In a project which the photographer began in 2015, his home becomes the stage upon which to explore the possibilities of photography
Upon first encountering Yurian Quintanas Nobel’s photobook Dream Moons, the reader doesn’t see a photograph, but an illustration of a mind-as-house. Placed in the centre of a vibrant red background, its intricacies and geometry are skeletal and mysterious. The side profile of the head is ominous, but strangely relatable, foreshadowing the photographic narrative sequenced within. Inside the book, published by Void, Quintanas Nobel’s images relay the story of a bizarre dream, starring a protagonist trapped within the surrealist sentience of his home, unable to escape.
“I feel comfortable working alone, with my music and without external distractions. The sentiment ‘When you close a door, an entire universe opens’ encapsulates this feeling – that’s what happens to me when I’m at home.”
Strangely, Quintanas Nobel started making these claustrophobic photos in 2015, before the experience of being trapped inside our homes in lockdown became a collective reality. After spending years making projects about people and communities, in places like the desert of Southern California and the island of Sri Lanka, the photographer decided to challenge himself by making work within the walls of his own house. “Up until that moment, I was going outside, seeing what the world could offer me, but then I started creating my own world without extraneous movement,” he says. “I feel comfortable working alone, with my music and without external distractions. The sentiment ‘When you close a door, an entire universe opens’ encapsulates this feeling – that’s what happens to me when I’m at home.”
His images are a combination of trippy phenomena and hallucinogenic still lifes. Books are stacked on gravitationally impossible angles, objects distorted and floating without explanation, and flashes of light and debris interlaced with close-up shots of limbs and bodies. “Technically, I wanted to use the camera as a tool for transforming reality,” Quintanas Nobel says. “And psychologically, I wanted to show something that humans aren’t able to capture with a camera, like images in a dream.”
This mind-bending reframing is an unplanned commentary on our current events, and like the imagery of lunar phases laced throughout the design and title, Quintanas Nobel demonstrates that our universe is dependent on cycles, even in the midst of the chaotic and unplanned. For the photographer, the potent symbolism of the moon was channelled through writing, which prompted him to incorporate its glowing, mythological visuals into his internal imagination. “One night, I wrote a text on a dream about a moon,” he explains. “It entered my house and started transforming everything, until she finally took me with her to another world.”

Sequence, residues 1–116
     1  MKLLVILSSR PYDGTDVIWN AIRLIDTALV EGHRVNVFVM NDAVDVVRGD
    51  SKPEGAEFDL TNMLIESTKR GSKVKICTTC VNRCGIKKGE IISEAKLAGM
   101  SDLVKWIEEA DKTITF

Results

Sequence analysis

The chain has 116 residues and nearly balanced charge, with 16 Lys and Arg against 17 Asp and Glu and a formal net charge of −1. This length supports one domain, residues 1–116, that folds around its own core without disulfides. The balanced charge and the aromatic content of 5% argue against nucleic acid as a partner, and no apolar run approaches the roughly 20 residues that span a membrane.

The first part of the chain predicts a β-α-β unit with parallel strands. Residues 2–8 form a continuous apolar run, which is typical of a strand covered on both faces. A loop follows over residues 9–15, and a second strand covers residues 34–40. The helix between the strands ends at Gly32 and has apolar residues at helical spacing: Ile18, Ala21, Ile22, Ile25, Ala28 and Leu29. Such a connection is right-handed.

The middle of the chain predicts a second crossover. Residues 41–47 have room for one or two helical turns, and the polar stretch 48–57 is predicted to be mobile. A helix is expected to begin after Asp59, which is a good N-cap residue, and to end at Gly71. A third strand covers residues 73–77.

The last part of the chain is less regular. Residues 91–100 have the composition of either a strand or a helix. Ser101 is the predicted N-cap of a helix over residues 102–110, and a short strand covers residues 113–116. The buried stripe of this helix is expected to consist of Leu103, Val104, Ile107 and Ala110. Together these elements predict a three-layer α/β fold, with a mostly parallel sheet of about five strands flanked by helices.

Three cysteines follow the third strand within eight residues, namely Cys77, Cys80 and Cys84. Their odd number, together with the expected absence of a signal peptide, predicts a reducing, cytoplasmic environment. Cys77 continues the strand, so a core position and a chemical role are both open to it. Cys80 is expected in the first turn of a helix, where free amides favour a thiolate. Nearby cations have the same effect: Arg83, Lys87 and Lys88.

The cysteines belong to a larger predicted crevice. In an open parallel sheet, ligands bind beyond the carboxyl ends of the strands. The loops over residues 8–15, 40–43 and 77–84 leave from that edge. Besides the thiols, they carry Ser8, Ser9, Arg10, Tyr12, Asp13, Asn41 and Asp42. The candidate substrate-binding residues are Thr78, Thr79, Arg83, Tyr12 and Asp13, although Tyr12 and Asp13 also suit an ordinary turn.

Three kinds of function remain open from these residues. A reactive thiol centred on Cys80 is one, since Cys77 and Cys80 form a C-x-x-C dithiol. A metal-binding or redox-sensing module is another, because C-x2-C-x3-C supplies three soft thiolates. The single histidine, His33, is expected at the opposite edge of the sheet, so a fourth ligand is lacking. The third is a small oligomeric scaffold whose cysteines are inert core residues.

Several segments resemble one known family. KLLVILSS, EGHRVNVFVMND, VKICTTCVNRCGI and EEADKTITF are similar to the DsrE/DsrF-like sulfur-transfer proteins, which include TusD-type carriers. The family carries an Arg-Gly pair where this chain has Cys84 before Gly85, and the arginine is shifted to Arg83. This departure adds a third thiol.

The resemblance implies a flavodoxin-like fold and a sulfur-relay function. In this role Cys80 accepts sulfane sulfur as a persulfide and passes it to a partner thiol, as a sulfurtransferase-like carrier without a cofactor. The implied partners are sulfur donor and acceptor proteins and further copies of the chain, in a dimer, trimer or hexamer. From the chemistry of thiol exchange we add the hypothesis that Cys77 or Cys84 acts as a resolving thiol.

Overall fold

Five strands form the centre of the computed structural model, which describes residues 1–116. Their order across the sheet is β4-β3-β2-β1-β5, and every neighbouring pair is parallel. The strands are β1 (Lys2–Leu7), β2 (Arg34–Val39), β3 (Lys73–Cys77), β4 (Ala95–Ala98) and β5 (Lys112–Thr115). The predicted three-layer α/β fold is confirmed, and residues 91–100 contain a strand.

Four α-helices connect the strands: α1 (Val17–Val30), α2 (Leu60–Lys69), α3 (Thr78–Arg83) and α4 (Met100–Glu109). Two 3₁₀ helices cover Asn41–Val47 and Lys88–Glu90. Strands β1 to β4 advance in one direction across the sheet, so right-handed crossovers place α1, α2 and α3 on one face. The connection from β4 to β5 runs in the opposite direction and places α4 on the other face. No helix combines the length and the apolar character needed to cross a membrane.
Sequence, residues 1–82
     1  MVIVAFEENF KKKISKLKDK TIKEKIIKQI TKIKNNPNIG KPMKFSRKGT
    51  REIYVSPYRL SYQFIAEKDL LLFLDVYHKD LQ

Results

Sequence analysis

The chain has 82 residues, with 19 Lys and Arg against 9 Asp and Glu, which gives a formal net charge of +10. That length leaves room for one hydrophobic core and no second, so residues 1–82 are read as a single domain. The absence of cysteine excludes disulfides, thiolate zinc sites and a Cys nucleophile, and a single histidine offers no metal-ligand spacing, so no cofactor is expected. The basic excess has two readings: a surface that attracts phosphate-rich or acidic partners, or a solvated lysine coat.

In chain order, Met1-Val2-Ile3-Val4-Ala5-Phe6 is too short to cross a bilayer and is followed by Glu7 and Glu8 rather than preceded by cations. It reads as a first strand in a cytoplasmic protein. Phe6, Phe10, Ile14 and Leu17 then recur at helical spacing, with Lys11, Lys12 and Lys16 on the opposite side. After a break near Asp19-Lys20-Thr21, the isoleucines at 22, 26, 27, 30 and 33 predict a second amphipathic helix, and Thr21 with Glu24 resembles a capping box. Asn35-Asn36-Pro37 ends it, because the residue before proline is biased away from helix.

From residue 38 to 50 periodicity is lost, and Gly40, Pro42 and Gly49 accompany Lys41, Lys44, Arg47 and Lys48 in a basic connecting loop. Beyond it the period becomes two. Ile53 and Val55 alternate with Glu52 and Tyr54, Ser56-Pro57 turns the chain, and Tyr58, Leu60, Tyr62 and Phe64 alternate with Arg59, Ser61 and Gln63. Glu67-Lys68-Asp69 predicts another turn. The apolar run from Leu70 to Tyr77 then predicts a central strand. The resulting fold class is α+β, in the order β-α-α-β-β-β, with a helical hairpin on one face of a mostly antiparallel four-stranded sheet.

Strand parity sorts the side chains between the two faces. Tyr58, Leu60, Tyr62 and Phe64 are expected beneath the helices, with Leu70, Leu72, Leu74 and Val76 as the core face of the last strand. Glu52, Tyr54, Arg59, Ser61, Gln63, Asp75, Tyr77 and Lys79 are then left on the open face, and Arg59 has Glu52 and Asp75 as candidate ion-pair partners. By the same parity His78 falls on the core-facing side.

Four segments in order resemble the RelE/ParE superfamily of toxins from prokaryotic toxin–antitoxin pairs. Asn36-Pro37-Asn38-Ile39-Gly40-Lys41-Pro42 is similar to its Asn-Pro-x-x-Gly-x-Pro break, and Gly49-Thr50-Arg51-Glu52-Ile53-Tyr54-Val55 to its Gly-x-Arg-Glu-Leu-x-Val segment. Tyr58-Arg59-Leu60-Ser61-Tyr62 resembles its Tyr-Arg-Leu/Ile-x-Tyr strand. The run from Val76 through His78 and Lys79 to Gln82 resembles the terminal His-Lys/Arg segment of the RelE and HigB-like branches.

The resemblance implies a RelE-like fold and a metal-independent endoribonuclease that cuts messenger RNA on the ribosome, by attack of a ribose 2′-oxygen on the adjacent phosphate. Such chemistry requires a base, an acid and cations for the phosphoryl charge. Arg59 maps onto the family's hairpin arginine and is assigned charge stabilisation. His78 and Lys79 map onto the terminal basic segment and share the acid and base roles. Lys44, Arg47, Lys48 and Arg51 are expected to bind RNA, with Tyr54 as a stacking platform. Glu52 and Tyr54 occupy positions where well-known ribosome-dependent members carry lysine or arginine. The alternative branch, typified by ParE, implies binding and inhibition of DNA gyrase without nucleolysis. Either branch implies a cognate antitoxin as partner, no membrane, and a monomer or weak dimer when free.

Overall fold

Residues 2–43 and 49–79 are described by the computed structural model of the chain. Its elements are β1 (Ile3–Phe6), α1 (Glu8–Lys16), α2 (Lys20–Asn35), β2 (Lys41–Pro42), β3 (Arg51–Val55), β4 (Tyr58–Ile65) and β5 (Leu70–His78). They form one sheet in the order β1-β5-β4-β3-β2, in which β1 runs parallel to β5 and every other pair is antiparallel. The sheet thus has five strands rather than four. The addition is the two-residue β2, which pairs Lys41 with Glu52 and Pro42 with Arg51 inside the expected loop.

Through Quintanas Nobel’s photographs, the shimmering border between our reality and alternate dimensions dissolves. It is an apt metaphor for the past year, when many of us have been forced to turn inward, both emotionally and physically, blurring the distinction between the rational and incomprehensible. By reimagining our domestic settings as fantastical funhouses, the photographer demonstrates that magic exists around every corner. When he stops to think about how the relevance of his work has rapidly transformed, Quintanas Nobel is humble and gentle in his interpretation of communal isolation. “I think this book is a demonstration that it’s possible to do something other than mindless distraction while stuck inside,” he reflects. “For me, at this point it’s hard to imagine myself going crazy in my house, because since starting this project, it’s the place I feel most comfortable. I prefer it to a crowded pub.”
Cat Lachowskyj is a freelance writer, editor and researcher based in London. Prior to pursuing a career in writing, she trained as an archivist in Toronto, developing research on colonial photography albums at the Archive of Modern Conflict. She has completed residencies and fellowships at the Art Gallery of Ontario, the Ryerson Image Centre and the Rijksmuseum, and her current research interests involve psychoanalytical approaches to photography and archives. Cat’s writing has appeared in many publications including Unseen Magazine, The British Journal of Photography, Foam Magazine and American Suburb X, and she has held editing roles at both Unseen Magazine and LensCulture.